Standing around in shoes I don’t normally wear looking at old portraits that probably cost more than I will earn in a lifetime reminded me of the day Teddy Taylor showed my Politics A’ Level class around the Houses of Commons and Lords in the late 90s. It’s quite a nice place to hang out with all that history and bustle and cracking architecture isn’t it Sir David? I can well imagine being part of the cogs of history must feel like quite a heady whirl of privilege and purpose. I can also imagine that once you’re ensconced in that world you must grow protective of it, like I am protective of mine. We are all simple clans folk really, aren’t we. We’ve decorated our caves nicely but the hard-wired programming of being human remains pretty basic. Perhaps spending a great portion of your working life in that gilt club must make it hard to see beyond the gleam, to wander away from the campfire; perhaps your voting history is merely you voting with the pack. Weirdly, it’s easier to think you voted, for instance, against gay marriage because you’re toeing the old Tory line for an easy life than it is to think you truly don’t believe in your heart that everyone should be free to marry the person they love irrespective of whether they’re packing two nadgers, four tits, or whatever. Sorry for the language, Sir David. It is the fruity dialect of the common person and I’m happily stuck with it.
Yes. I suppose it must be hard to come away from the unrelenting bind of a stressful job in the most important institution in the country to find time to get to know the people who comprise your constituency, especially when some of those people are diametrically opposed to your own ideals. The truth is Sir David, the creatives you need to pad out your year of Culture are not likely to be those who voted for you. They are not wealthy businessmen, comfortable pensioners who like their people as anaemic as their tea, or people who like to give their vote to the unchallenged local party because it’s easier than thinking or changing anything. The real truth is most creatives are piss poor because we have chosen a life of lunacy in the Arts, because we’re drawn to little else, and we make our strange peace with not being amply remunerated for the life we choose. We count our riches out of different pockets. But we all make up the town and whether some of us agree with how you vote or not, while you are our MP, it is your town. And we are here too. Other people. Hi.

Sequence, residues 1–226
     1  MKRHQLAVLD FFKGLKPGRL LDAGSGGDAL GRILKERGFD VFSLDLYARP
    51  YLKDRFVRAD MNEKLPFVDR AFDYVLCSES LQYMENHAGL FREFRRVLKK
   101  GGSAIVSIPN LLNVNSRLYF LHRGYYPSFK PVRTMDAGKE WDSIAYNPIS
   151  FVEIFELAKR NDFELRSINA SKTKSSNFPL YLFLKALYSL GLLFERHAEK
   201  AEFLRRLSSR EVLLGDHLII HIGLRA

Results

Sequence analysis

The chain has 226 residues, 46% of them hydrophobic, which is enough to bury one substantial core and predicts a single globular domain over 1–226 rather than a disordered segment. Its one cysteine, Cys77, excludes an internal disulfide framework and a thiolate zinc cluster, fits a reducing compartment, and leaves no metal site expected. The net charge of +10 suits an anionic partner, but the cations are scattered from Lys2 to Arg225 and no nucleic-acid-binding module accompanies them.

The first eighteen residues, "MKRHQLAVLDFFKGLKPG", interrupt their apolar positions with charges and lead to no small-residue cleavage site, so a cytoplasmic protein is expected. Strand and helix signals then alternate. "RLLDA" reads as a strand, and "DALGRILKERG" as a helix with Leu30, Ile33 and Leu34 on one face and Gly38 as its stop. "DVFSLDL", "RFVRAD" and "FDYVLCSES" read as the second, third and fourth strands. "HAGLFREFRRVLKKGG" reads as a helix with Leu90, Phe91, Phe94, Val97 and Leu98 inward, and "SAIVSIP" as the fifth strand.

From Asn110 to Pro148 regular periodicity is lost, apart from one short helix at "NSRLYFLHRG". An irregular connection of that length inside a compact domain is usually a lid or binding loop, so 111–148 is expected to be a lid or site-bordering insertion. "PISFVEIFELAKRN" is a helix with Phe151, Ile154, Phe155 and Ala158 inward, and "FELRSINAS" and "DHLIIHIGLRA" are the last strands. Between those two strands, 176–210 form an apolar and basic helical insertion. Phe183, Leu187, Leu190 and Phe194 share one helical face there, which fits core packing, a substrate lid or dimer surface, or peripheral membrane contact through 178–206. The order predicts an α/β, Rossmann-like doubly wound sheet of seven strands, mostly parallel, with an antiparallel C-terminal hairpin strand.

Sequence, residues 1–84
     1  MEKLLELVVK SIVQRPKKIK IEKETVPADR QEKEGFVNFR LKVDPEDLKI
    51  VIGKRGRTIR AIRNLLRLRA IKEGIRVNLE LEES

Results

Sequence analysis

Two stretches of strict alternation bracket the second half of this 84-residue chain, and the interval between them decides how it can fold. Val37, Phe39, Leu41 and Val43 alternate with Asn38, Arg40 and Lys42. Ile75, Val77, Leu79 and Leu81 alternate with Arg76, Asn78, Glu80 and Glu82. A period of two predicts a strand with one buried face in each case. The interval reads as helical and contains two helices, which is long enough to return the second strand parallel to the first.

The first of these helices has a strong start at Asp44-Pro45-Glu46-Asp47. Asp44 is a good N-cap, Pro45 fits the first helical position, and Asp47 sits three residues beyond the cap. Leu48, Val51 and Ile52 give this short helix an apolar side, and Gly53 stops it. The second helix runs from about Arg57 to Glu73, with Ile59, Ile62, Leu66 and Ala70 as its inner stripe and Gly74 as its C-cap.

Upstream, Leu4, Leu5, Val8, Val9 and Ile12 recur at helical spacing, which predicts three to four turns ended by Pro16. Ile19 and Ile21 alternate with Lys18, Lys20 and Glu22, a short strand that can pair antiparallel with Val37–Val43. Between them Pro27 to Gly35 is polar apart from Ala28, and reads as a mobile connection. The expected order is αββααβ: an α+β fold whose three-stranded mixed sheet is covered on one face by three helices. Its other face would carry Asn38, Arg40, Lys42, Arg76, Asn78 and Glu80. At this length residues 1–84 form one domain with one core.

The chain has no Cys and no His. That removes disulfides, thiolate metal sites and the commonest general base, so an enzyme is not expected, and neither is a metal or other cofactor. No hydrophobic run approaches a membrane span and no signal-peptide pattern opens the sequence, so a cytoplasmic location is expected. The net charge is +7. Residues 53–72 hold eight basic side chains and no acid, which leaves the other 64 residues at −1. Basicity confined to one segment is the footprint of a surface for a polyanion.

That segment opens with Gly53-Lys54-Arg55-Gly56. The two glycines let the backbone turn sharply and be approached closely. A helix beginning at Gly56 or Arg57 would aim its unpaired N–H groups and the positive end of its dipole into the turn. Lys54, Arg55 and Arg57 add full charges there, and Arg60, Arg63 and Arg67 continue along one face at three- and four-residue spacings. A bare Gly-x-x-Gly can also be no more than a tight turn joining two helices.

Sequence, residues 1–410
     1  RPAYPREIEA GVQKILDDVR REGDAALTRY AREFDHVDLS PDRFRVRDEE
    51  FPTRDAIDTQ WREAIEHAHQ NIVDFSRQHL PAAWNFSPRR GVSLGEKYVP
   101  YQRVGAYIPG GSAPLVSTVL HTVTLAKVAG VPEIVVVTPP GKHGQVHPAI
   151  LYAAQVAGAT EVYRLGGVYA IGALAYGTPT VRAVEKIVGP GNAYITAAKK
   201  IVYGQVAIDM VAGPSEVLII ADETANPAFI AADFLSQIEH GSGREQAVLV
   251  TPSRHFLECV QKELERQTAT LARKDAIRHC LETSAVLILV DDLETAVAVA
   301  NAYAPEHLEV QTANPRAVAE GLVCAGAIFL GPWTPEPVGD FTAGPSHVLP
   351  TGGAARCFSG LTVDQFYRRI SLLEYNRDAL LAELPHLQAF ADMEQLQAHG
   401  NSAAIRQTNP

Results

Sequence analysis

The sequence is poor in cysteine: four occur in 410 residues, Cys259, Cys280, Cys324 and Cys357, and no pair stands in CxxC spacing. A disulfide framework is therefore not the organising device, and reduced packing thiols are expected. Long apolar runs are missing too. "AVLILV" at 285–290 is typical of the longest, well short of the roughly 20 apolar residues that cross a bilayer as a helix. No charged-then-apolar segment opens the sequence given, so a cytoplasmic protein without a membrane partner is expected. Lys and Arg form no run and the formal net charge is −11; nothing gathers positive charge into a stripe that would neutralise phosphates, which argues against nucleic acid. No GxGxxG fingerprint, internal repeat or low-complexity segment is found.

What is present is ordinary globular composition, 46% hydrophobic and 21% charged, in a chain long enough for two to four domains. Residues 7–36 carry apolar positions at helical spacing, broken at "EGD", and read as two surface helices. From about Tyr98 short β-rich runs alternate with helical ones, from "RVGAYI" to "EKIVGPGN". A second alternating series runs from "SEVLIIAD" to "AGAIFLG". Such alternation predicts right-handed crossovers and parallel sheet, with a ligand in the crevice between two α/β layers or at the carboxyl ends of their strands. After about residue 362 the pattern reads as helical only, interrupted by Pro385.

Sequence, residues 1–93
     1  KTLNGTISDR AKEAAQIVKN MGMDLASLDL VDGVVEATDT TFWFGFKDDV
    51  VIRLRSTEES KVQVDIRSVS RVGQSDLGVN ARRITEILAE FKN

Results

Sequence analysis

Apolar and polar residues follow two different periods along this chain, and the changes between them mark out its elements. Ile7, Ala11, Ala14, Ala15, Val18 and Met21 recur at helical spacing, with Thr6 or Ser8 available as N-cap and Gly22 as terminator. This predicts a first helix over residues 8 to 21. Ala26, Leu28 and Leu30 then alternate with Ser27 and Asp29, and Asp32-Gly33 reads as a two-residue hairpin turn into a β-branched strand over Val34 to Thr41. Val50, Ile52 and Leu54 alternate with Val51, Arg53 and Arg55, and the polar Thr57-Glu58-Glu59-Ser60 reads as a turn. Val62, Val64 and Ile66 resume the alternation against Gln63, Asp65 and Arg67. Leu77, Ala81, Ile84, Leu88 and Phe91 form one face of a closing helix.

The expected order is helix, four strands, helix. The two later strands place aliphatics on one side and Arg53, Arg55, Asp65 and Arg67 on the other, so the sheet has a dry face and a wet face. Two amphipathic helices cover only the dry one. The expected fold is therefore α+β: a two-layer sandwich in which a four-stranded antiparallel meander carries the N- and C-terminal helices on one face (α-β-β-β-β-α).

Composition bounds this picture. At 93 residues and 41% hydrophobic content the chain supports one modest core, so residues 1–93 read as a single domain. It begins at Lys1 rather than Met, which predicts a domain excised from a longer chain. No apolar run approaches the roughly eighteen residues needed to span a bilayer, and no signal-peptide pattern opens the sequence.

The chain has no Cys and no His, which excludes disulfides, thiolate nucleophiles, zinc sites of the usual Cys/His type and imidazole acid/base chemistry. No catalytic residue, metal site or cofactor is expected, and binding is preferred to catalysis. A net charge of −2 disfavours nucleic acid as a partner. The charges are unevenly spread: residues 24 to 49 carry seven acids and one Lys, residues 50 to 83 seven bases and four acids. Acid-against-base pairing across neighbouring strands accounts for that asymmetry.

Your Cultural project makes me wonder what culture floats your boat enough for you to take up the mantle of enthusiast so publicly? Are you a theatre man? Feminist confessional new writing with a metatextual bent? Perhaps you like opera or Morecambe & Wise or burying your eyes in a Turner painting – or maybe when you have a quiet moment you listen to Mötorhead to get your juices flowing or perhaps you’re on the fifth listen of Black Star and mourning David Bowie’s passing like a lot of us. I don’t suppose many people think to ask you what culture sets you alight. Does that nark you out a bit or make you sad? You’re not a bloody machine after all. I like to think that a thing we all have in common is when we put down our work and our rules and the things which tire us or stress us out, we are all creatures who seek joy in something. Art is always there for us and it never diminishes, no matter how much we take from it. That’s pretty cool isn’t it, Sir David?
I suppose you get asked to attend a lot of things, probably involving cutting a ribbon somewhere, but I wonder how many people ask you to come out for a pint and a chat about the culture you’re passionate about. Now, I know you’re busy because you replied to a friend of mine – a wonderful artist named Scottee – saying someone else would be in touch. But I wondered if, in the interests of the town and the culture you’re personally celebrating this year, you might be the one to venture out yourself. I’m no PR guru but I think some shots of you holding a real ale with some people wearing Converse would be cool. (Some of them are gay though, FYI, but I doubt you’re their type so you’re quite safe.) It would be great. You could take your tie off. It would be winsome. You might even feel comfortable, happy, inspired, refreshed, or – dare I suggest might not be common in political life – real for a while. In short, fancy a pint? (We can also do coffee – we’re not heathens.)
Because Sir David, if facepainting and a singular clown remains the zenith of the vision for your year’s foray into culture, we’d rather you didn’t do it in our name. Shall we discuss the other options?
Columnist, Southender, playwright, leftie, lover of gays.